Arctic sea ice maximum ties for seventh-lowest on record

Barents Sea, Bering Sea extent down while Nunavut remains average

Despite an average sea ice extent in Nunavut, across the Arctic the maximum extent is tied for the seventh-lowest on record. (Photo by Dustin Patar)

By Dustin Patar

Arctic sea ice has reached its maximum extent for the year, peaking at 14.77 million square kilometres on March 21.

According to the National Snow and Ice Data Center, this year’s extent ties it with 2007 as the seventh-lowest in the satellite record.

This year’s maximum extent is 870,000 square kilometres smaller than the 1981 to 2010 average maximum of 15.64 million square kilometres.

For Mark Serreze, director of NSIDC, while the maximum extent isn’t that spectacular, it does fit into a trend.

Aside from 2020, every year since 2015 has ranked amongst the 10 lowest maximum Arctic sea ice extents on the satellite record, which began in 1979.

This year’s maximum extent also follows another pattern that Serreze says scientists have seen for a while.

Similar to years past, ice levels are low in the Bering Sea and the Barents Sea.

Meanwhile, in Nunavut, the ice extent is on par with the 1981-2010 average, said Jason Ross, a senior ice forecaster with the Canadian Ice Service.

“The maximum extent of the ice [in Nunavut] doesn’t really vary because it pretty much ices up every year,” he said.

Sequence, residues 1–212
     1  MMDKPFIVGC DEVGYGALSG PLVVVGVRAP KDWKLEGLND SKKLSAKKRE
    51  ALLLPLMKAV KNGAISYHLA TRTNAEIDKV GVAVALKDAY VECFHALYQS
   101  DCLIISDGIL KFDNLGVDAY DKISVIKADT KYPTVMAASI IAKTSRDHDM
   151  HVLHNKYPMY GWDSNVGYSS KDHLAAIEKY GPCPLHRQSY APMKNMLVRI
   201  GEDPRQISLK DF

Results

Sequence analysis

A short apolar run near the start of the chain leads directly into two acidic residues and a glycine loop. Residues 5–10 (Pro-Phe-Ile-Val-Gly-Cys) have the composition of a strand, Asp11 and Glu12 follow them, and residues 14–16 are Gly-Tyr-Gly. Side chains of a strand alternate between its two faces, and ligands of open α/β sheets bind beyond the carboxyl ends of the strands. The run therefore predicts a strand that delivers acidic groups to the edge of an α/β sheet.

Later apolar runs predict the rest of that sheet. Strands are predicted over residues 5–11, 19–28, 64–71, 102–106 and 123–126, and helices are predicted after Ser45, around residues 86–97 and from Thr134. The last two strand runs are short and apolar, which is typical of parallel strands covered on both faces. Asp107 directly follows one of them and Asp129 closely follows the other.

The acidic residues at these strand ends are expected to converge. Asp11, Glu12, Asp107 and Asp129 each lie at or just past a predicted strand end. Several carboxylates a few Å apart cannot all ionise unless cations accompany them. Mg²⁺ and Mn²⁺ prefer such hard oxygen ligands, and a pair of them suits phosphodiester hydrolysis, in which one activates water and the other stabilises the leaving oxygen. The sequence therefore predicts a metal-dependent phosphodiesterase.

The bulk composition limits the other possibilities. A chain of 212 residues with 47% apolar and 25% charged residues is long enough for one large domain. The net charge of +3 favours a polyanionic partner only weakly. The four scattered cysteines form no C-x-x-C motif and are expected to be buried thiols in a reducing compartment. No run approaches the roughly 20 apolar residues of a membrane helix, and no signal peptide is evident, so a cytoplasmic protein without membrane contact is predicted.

The Arctic sea ice extent for March 21 was 14.77 million square kilometres, tying for the seventh-lowest extent in the satellite record with 2007. The orange line shows the 1981 to 2010 average extent for that day. (Image courtesy of NSIDC/NASA Earth Observatory)

But coastal ice in Hudson Bay, Hudson Strait and around parts of Baffin Island is roughly 20 centimetres thinner than average, Ross said.

This too fits into a trend that Serreze says is inescapable.

“We know the ice is thinner than it used to be and that means that we know, come this summer, we’re going to have a big ice loss,” he said.

“You can’t get away from that anymore.”

But a reduced maximum sea ice extent doesn’t necessarily mean a record-setting sea ice minimum.

“If you start off on a bad footing at the beginning of the melt season, does that put you into a deep hole in the sense that you’re going to have a very low September sea ice extent?” Serreze asked.

“The answer to that seems to be no.”

Ross agrees.

“The breakup can depend on a lot of things,” he said.

“So it’s a bit too early right now to really get a good idea of if the breakup’s going to be late or early.”

At the beginning of April, NSIDC will release a full analysis of possible causes behind this year’s ice conditions.

The Canadian Ice Service’s first ice breakup forecast is slated to come out in June.

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